Take a canceled, over-budget NASA rocket, stack a workhorse European satellite launcher on top of it, and the result could be a powerful, low-cost alternative for taking people to space.
An artist’s conception of the proposed Liberty rocket, which would combine components of the Ares I and Ariane 5 rockets.
That is the plan of Alliant Techsystemsof Minneapolis — the aerospace company more commonly known as ATK, which manufacturers the solid rocket motors for NASA’s space shuttles — and Astrium, a European company that builds Ariane 5 rockets, which are used to launch satellites. The two will announce on Tuesday what is essentially a commercial version of the Ares I, the expensive NASA rocket that Congress and the Obama administration canceled last year.
The Ares I, part of a bloated NASA program to send astronauts back to the moon, could become a success story in the Obama administration’s effort to shape a more affordable space program with the help of the private sector. NASA’s so-called commercial crew program is seeking companies to build and operate space taxis to take astronauts to the International Space Station.
The new rocket, named Liberty, would be much cheaper than the Ares I, because the unfinished NASA-designed upper stage of the Ares I would be replaced with the first stage of the Ariane 5, which has been launched successfully 41 consecutive times. The lower stage of the Liberty, a longer version of the shuttle booster built by ATK, would be almost unchanged from the Ares I.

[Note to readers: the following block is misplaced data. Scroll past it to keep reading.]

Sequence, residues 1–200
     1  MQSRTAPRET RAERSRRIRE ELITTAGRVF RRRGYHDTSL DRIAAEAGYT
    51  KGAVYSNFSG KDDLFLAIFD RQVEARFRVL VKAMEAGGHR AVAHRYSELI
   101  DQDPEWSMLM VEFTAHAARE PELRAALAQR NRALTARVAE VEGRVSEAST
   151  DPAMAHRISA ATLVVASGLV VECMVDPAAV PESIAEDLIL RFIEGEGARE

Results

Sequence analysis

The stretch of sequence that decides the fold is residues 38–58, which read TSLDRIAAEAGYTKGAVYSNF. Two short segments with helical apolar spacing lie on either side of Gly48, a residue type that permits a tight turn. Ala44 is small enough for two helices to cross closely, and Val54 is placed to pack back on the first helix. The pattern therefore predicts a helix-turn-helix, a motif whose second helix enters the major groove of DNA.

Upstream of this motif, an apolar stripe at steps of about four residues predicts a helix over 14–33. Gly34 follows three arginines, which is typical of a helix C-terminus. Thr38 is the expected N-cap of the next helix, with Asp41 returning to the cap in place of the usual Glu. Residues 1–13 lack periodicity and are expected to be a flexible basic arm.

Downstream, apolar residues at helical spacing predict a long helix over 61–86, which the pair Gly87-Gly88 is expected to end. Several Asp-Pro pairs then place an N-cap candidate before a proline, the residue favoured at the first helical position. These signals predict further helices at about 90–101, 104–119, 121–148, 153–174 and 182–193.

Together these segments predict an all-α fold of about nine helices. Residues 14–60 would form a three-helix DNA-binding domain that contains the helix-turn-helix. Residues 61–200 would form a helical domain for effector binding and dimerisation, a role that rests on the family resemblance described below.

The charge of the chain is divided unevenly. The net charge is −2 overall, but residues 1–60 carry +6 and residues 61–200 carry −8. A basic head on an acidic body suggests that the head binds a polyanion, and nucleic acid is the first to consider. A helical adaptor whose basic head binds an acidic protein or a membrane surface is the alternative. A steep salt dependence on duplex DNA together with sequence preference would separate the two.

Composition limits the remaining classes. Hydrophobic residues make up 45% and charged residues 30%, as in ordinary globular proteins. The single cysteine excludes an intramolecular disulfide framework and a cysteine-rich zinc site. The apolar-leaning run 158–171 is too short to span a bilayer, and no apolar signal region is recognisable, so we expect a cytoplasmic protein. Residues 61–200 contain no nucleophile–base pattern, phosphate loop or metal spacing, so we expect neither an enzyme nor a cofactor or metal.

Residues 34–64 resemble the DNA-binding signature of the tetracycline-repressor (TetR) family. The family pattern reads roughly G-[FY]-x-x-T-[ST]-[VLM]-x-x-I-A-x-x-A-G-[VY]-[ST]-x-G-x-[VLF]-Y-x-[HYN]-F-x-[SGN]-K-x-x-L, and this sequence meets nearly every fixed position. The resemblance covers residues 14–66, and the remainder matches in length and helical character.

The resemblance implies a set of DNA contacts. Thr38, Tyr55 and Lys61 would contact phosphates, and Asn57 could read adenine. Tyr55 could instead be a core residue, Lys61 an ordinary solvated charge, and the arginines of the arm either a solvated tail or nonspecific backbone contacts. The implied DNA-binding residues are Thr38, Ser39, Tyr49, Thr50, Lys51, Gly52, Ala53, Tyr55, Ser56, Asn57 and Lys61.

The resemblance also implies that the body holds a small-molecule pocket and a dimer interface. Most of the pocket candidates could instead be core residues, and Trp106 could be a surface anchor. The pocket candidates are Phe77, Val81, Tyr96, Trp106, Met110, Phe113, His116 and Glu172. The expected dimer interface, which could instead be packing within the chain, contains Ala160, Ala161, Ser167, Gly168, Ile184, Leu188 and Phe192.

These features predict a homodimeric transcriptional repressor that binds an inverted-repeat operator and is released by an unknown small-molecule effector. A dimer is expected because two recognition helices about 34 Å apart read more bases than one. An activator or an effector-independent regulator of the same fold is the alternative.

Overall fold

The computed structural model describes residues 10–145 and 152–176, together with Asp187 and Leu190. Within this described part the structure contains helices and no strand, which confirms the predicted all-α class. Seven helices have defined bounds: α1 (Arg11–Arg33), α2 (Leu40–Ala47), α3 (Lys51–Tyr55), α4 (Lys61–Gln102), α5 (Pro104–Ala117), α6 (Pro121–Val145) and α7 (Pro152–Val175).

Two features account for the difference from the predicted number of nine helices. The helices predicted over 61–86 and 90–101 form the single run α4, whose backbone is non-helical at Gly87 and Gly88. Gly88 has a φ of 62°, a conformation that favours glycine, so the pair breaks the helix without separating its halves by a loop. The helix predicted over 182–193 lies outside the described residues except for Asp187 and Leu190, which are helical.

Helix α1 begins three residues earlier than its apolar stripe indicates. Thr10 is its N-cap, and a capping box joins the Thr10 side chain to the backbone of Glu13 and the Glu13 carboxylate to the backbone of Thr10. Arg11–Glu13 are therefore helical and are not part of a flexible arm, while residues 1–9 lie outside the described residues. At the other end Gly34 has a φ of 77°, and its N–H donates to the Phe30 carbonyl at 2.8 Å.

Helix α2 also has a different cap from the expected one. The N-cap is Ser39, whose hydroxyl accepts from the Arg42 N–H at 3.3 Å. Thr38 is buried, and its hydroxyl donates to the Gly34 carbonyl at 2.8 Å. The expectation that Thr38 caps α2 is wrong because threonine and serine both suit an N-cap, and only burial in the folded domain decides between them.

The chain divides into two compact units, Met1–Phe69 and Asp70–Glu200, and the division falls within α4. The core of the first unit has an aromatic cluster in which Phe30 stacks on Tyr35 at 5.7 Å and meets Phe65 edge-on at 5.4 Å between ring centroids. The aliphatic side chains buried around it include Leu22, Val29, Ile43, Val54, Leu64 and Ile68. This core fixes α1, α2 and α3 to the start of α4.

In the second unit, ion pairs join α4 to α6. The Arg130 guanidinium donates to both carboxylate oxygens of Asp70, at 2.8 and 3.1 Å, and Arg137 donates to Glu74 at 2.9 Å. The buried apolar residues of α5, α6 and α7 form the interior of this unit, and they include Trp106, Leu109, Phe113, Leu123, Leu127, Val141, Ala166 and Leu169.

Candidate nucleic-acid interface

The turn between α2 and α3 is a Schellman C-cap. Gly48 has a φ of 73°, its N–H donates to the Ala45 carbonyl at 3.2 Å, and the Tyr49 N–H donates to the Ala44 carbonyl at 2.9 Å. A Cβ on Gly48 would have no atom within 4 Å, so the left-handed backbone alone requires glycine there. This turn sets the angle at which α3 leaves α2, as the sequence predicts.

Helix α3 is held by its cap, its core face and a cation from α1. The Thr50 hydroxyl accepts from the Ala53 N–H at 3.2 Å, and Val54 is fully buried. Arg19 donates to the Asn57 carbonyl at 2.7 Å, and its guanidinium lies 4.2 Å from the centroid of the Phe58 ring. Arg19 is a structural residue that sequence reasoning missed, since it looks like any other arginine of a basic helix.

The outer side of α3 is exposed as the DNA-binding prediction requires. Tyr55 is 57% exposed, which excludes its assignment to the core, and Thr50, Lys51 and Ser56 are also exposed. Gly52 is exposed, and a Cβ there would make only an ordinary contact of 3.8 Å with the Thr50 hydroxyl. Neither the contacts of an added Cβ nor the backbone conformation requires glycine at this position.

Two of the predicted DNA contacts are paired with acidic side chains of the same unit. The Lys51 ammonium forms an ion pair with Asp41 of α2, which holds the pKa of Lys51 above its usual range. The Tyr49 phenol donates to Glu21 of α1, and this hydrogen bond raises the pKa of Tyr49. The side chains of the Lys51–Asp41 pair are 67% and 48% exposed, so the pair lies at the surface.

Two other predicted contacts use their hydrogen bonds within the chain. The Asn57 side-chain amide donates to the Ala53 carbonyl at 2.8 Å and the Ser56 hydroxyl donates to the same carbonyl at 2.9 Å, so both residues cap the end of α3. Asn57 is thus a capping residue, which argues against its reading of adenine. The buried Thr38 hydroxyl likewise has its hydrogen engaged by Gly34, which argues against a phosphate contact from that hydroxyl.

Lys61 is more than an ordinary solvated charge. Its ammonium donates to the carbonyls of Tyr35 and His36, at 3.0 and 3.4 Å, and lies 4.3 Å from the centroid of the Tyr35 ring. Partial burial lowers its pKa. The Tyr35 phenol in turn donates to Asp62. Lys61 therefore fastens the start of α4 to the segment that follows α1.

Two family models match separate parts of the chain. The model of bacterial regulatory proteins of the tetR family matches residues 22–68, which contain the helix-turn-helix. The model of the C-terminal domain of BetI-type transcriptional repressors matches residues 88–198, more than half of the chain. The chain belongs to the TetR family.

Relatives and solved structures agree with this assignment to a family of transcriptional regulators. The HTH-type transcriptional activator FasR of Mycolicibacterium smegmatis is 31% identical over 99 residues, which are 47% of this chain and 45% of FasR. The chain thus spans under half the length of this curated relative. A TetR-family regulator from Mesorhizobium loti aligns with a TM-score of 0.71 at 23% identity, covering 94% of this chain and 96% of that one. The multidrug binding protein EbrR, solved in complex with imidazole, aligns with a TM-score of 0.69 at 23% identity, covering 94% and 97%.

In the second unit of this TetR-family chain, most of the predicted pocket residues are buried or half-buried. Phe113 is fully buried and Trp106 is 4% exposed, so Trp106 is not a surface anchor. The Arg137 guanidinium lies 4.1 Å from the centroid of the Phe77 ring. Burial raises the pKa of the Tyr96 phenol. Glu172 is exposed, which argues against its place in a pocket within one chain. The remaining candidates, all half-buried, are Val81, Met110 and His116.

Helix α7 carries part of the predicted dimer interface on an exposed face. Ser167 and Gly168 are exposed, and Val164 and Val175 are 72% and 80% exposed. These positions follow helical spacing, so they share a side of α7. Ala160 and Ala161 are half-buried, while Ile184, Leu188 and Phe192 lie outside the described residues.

Most of the companies competing for NASA’s space taxi business, like Boeing and theOrbital Sciences Corporation, are looking at using a low-end version of the Atlas V rocket built by the United Launch Alliance, a joint venture of Boeing and Lockheed Martin. ATK hopes the Liberty can take business away from the United Launch Alliance with a greater lift capability (44,500 pounds to low-Earth orbit) at a cost (less than $180 million) it says is lower than that of the Atlas V.
The Liberty could also solve other issues. Launching from Kennedy Space Center in Florida, it would generate about 300 jobs and make use of facilities that might otherwise sit idle after the space shuttles are retired this year. The Atlas V launches from the neighboring Cape Canaveral Air Force station.
ATK is seeking part of $200 million that NASA will distribute next month for commercial crew efforts. The Liberty’s first test launching could take place in 2013, and it could be ready to carry astronauts two years later.
ATK and Astrium also hope the rocket can compete for future contracts for space station cargo. With an eventual four to six launchings a year, the Liberty could also help reduce the cost of the heavy-lift rocket that NASA is to develop for deep-space missions. The current design of the heavy-lift calls for the same solid rocket motors as the Liberty.